1.Over 950,000 passengers have used state of the art facial recognition at border controls in the UK. Passengers use the self service gates which takes seconds to scan each passengers face against the digital photo recorded in their passports. If there is a match, the e- passport gates open to allow passengers entry into the United Kingdom. Read more.
2.Identity cards to go on sale for the first time in Manchester. Read more.
3.The High Court ruled that Britain's security services should be able to withhold evidence from claimants in civil court cases. Read more.
In a reported case R (on the application of EW) v Secretary of State for the Home Department  EWHC 2957 (Administrative Court) 18th November 2009, Mr Justice Hickinbottom found that Italy was safe for asylum seekers to return to and that the Secretary of State was right to certify a human rights claim as clearly unfounded. The Court did not accept that a claimant returning to Italy under Dublin II regulation would be exposed to a risk of treatment contrary to Article 3 ECHR. The Court found that whilst poor living conditions could amount to inhuman and degrading treatment in breach of Article 3 ECHR, that article did not prescribe a minimum standard of social support for those in need and did not require the state to provide a home or minimal level of financial assistance to all within its care. Where an asylum seeker who was being returned to Italy to make his claim might face minor deprivations and restrictions, that did not amount to a breach of Article 3 ECHR. Click here to view the judgment.
In an unreported decision OO (Sudan) v Secretary of State for the Home Department, JM (Uganda) v SSHD Court of Appeal (civil division) 18.11.2009 the Court of Appeal heard two conjoined appeals of O, a Sudanese national and JM a Ugandan national, both of whom had claimed asylum on the basis that they were homosexual which was an offence under national legislation in Sudan and Uganda. The Court of Appeal agreed with AIT that there was very little objective evidence showing that national legislation was enforced by authorities in the countries of the asylum seekers and therefore there was no real risk of persecution if returned to Uganda or Somalia.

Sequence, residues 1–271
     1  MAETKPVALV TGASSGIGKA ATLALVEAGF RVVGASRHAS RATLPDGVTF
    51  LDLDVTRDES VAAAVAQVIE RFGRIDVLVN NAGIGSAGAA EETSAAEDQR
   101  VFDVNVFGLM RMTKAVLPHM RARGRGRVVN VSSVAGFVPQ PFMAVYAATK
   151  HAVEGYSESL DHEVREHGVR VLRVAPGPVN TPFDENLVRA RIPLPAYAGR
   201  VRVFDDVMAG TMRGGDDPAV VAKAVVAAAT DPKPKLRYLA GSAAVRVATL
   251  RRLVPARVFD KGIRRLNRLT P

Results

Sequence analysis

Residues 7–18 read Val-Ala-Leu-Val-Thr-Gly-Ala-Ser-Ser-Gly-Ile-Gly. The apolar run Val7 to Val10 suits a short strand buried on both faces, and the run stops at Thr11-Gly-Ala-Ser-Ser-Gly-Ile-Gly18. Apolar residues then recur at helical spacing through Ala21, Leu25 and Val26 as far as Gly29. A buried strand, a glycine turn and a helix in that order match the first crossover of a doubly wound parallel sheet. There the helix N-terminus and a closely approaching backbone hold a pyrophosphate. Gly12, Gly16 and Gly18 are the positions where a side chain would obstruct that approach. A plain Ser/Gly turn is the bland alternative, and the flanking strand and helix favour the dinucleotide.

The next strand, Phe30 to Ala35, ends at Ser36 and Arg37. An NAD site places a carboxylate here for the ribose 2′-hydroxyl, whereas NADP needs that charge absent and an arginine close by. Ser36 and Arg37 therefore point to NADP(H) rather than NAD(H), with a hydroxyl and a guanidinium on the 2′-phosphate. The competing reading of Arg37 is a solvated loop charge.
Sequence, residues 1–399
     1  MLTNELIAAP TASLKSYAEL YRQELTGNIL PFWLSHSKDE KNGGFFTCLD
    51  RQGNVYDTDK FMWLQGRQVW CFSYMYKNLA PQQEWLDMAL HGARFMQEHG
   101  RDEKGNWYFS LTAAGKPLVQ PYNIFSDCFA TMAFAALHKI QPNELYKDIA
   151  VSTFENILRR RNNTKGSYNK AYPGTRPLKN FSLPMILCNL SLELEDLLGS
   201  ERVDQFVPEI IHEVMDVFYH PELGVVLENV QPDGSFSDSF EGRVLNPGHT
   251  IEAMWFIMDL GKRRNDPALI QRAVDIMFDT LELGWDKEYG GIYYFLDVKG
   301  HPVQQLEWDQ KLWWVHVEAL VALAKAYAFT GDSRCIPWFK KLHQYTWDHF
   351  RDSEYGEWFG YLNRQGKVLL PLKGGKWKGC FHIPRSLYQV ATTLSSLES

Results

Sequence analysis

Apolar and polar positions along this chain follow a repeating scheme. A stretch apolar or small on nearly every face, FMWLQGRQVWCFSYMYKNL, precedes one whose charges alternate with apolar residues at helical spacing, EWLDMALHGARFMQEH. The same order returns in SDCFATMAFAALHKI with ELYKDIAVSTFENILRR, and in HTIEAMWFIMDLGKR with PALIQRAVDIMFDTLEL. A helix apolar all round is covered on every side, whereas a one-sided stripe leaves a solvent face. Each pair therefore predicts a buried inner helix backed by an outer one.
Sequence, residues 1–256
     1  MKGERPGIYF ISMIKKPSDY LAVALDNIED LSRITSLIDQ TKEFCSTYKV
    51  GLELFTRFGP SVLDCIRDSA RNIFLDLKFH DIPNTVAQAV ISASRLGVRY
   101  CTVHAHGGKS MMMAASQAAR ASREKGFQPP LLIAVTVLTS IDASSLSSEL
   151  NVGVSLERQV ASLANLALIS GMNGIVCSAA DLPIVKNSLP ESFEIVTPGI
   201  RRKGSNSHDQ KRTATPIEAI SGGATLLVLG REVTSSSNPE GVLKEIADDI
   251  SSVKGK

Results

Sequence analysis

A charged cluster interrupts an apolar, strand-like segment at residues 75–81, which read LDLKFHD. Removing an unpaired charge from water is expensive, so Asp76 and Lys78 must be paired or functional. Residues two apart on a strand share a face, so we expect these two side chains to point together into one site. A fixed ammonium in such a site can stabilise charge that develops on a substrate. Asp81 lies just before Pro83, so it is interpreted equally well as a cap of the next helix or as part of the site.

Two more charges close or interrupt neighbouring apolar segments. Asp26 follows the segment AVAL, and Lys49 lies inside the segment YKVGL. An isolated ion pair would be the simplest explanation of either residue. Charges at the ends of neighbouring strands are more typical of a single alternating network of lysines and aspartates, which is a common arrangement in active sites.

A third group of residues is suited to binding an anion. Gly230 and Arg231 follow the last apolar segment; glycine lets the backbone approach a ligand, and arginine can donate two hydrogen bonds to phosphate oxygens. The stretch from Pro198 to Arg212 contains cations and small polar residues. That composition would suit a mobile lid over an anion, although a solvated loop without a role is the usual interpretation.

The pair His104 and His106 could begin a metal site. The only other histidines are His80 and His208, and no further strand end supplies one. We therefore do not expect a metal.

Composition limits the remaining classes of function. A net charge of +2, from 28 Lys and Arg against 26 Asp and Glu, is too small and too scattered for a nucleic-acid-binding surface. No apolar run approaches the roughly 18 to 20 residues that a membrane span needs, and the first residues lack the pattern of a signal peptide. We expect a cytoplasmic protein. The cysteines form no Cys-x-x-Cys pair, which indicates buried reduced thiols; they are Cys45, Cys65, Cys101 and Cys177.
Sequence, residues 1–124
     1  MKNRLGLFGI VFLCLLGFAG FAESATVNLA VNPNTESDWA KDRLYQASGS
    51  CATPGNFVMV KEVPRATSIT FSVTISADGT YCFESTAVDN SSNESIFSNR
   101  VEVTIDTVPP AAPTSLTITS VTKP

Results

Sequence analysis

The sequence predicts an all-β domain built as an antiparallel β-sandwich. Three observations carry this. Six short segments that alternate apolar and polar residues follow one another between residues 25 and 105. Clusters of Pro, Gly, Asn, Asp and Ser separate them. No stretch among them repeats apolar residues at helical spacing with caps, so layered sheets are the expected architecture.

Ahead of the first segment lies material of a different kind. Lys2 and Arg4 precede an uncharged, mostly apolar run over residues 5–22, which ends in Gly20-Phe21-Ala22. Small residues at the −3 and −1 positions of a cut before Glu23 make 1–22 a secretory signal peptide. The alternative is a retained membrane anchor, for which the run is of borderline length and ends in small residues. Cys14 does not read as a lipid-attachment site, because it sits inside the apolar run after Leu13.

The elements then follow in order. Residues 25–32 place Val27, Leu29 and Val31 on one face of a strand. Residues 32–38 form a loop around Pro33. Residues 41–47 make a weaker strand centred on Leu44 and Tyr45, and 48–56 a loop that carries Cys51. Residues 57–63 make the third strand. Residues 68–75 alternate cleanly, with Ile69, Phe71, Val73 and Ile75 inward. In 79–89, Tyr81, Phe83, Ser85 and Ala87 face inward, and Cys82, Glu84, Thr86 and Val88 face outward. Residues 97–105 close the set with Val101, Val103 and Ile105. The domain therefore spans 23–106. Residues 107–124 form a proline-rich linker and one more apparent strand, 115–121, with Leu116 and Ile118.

The Court of Appeal also rejected an argument that the situation had changed since the Refugee or Person in need of International Protection (Qualification) Regulations 2006 was enacted. The Court of Appeal did not accept that the regulations which implemented Directive 2004/83 widened the scope of persecution further than the position under domestic case law.
In an unreported decision R (on the application of AW) v Croydon London Borough Council (2009) QBD (Admin) Collins J 16.11.2009, Mr Justice Collins held that social workers could not be criticised for their age assessment of a person purporting to be an unaccompanied asylum seeking child, even though a different conclusion was reached on reassessment.